Japan’s Pension Age to Rise

Health ministry to consider revising laws in fiscal 2020. 

To address the issue of a rapidly aging population combined with a declining birthrate, Japan’s government approved of an outline to raise the public pension collection age to 71.

In tandem with the aforementioned reasons, the Friday outline also indicated that motivation to continue working as well as community activities have increased in older adults, as they are physically healthier now than they have been in previous generations. This is due to advances in healthcare-related science and technology. The government will also review the standardization of life according to age category.

According to the Japan Times, the Ministry of Health will design a new system once it studies 2019’s pension financing before considering revisions to pensions laws in fiscal 2020.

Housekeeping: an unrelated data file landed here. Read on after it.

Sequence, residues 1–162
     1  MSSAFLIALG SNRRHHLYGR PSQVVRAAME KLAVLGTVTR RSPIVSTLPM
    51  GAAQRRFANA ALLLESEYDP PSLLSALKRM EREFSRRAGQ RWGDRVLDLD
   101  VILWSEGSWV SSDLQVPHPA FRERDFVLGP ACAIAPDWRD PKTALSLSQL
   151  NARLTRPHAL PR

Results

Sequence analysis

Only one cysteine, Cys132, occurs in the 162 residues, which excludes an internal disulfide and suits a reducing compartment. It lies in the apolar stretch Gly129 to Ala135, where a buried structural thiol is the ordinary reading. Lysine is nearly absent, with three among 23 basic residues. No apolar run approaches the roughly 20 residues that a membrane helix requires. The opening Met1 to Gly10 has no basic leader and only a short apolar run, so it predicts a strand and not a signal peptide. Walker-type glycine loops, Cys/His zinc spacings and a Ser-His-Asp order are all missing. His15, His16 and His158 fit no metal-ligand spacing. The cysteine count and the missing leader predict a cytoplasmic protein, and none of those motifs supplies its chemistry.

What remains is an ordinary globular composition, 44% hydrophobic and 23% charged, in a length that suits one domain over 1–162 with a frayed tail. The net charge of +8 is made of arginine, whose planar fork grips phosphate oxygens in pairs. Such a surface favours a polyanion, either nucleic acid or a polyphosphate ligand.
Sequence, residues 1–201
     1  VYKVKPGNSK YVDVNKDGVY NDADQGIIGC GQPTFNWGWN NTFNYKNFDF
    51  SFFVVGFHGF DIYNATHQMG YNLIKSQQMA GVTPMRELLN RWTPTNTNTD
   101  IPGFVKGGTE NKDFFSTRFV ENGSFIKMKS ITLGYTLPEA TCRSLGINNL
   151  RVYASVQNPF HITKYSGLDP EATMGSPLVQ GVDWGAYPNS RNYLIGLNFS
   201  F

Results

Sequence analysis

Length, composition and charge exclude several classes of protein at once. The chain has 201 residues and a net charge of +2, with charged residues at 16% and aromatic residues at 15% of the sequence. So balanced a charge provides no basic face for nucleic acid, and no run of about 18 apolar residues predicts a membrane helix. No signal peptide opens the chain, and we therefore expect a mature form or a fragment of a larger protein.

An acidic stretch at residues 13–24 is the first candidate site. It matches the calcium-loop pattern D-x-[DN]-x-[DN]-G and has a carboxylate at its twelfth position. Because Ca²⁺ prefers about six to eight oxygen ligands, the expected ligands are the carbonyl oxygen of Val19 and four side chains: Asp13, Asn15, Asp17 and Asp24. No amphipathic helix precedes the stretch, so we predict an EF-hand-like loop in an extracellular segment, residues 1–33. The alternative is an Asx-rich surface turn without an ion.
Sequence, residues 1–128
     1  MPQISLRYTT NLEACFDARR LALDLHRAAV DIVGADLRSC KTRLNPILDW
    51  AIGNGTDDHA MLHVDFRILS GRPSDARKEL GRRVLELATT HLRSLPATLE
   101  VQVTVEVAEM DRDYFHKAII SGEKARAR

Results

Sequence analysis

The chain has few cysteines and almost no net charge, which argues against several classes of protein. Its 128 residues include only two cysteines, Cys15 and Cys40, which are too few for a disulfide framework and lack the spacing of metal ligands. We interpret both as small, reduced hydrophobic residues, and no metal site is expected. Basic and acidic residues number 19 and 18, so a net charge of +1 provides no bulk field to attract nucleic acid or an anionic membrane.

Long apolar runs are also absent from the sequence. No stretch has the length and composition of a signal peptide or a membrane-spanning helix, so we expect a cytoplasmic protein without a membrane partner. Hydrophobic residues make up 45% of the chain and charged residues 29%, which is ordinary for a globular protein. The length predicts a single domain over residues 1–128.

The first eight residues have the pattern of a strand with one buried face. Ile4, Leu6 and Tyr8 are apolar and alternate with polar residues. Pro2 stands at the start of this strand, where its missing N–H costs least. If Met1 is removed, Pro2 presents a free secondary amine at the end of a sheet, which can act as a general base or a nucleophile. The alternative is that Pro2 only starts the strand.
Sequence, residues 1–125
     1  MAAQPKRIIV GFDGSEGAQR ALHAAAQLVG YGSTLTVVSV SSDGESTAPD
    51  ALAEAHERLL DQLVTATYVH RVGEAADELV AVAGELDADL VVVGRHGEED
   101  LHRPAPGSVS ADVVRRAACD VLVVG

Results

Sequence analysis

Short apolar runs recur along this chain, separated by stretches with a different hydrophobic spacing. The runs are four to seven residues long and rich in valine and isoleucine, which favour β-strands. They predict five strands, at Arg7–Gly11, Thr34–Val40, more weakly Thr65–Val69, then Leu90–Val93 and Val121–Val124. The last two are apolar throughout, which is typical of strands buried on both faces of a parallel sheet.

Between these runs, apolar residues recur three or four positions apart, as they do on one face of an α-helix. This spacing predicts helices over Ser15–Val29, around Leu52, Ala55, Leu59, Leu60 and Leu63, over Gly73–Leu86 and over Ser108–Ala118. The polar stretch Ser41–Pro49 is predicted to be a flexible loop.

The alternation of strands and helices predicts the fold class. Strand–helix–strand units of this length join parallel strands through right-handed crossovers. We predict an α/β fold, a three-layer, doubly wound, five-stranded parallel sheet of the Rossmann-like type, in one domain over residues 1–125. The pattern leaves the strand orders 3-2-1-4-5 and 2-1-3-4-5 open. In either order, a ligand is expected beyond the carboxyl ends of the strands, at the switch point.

Japan’s current law allows one to collect their pension at any time between the ages of 60 and 70, with monthly payments being raised should the participant wait until they are 65 and older. Japan Times states that this particular pension scheme is not widely used.

The Times also says that Japan’s government seeks to have companies raise their retirement ages or extend post-retirement employment. To help encourage people to work a few more years, the government will support advanced technology development such as nursing robots to help the elderly. It is also considering providing support for those looking to start their own businesses, promoting telecommuting.

The outline is reviewed about every five years, on average.

“Depopulation in rural areas is expected as the pace of aging picks up. It is important to realize a society where people of all generations can widely and actively participate,” Prime Minister Shinzo Abe said during a meeting on the issue Friday, reported by Japan Times.


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